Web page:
We recognize that our audience has an interest in photography to capture special moments such as Courts of Honors, campouts, winter activities, family vacations, sport events, and other gatherings. “Photo Friday” is intended to help photography amateurs improve their photo shoots through photo tips, which may include basic skills, creative shooting techniques, and proper care and maintenance. Tips in this section are written by amateurs, professional photographers, and by other contributors. We hope that you find these tips useful in your Scouting program. Photo Fridays are brought to you by Brandon Queen Photography.
Proper Positioning Techniques
We talked about choosing the right cameras on last weeks tip. Now we will talk about proper positioning techniques:
- How to hold your camera properly
- How to stand when holding your camera
- Hand placement on the camera.
Holding Your Camera
Anyone can pick up a camera and take a photograph. We want to do it the proper way so that your pictures can be crisp and clear. All cameras are different. We are going to focus on the point and shoot cameras. You to can shoot like a pro!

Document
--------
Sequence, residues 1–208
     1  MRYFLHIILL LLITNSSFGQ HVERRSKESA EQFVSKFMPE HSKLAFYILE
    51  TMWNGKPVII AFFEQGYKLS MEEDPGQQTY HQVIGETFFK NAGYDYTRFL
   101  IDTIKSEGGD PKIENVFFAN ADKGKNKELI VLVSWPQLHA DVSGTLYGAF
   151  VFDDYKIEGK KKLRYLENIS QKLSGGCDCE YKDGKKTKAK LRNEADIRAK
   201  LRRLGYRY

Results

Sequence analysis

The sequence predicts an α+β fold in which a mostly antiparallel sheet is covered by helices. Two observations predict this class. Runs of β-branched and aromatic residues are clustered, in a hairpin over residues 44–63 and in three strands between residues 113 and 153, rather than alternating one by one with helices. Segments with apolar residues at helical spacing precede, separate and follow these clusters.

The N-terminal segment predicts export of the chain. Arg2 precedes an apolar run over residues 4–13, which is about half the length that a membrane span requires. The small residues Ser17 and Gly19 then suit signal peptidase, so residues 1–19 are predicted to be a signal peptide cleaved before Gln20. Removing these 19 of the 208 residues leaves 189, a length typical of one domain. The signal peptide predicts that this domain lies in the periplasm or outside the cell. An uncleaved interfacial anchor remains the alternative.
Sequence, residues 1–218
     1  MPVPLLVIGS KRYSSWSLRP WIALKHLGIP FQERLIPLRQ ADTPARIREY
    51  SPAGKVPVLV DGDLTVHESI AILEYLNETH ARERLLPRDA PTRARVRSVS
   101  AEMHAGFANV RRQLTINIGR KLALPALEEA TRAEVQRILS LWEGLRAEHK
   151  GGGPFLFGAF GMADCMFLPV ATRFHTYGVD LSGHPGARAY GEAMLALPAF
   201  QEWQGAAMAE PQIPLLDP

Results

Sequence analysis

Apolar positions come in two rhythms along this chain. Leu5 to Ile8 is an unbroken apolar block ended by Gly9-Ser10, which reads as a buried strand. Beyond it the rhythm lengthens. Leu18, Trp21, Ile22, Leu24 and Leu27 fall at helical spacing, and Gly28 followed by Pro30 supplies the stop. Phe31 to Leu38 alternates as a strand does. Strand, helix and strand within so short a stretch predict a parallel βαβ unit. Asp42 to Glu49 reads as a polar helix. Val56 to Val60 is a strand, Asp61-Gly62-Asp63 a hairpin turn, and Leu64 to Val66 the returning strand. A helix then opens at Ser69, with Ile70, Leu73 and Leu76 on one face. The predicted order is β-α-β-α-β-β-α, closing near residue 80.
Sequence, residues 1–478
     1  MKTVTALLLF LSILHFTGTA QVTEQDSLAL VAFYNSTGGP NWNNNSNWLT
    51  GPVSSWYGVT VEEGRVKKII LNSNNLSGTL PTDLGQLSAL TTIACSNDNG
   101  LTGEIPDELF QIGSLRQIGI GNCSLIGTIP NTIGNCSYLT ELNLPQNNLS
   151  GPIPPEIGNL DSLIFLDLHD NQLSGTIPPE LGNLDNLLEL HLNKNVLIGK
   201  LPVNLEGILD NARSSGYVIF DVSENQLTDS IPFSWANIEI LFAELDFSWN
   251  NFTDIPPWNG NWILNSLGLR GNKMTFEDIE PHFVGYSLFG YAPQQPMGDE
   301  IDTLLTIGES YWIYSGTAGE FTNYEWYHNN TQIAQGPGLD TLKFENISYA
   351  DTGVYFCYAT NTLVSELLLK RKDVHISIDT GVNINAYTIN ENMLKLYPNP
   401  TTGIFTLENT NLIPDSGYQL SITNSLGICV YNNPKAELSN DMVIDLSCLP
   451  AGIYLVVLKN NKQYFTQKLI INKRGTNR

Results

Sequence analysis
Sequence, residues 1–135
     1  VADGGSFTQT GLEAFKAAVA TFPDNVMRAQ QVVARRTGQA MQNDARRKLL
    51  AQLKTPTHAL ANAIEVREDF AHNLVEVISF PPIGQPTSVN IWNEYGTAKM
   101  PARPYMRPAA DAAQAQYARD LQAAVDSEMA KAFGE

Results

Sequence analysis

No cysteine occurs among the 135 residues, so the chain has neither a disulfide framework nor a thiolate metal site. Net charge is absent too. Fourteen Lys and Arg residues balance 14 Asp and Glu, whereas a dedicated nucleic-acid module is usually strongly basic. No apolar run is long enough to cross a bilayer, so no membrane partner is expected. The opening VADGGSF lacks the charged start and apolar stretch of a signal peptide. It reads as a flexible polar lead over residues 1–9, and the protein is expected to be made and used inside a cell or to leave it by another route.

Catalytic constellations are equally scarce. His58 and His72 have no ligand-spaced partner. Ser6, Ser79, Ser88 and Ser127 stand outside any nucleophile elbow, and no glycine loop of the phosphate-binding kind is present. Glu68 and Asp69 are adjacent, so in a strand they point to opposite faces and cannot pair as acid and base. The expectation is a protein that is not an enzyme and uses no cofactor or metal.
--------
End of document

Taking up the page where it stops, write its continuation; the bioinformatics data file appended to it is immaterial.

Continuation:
Step One: Most point and shoot cameras come with a wrist strap. Therefore the strap goes on you right wrist.
Step Two: Your thumb should rest gently on the back of the camera.
Step Three: The rest of your finger should rest on the side of the lens.
Step Four: Your index finger should be free so it can access the shutter button.
Step Five:Your left hand should be a brace to hold the camera in a sturdy position.
Now once you have practiced these techniques, you must keep your elbows tucked in your side (ribs) to keep your camera still. This prevents camera shake.
- Your feet should be flat on the ground and one slightly ahead of one another. There are may standing positions that you can use to take a photograph. One is the one knee position. This position is used to “Get on their Level”, which mean that you are at the hight of the subject. We will cover that in the upcoming tips.
Remember that your elbows should be planted into your side to help with stabilization. Holding the camera at arms length will result in shaky photos.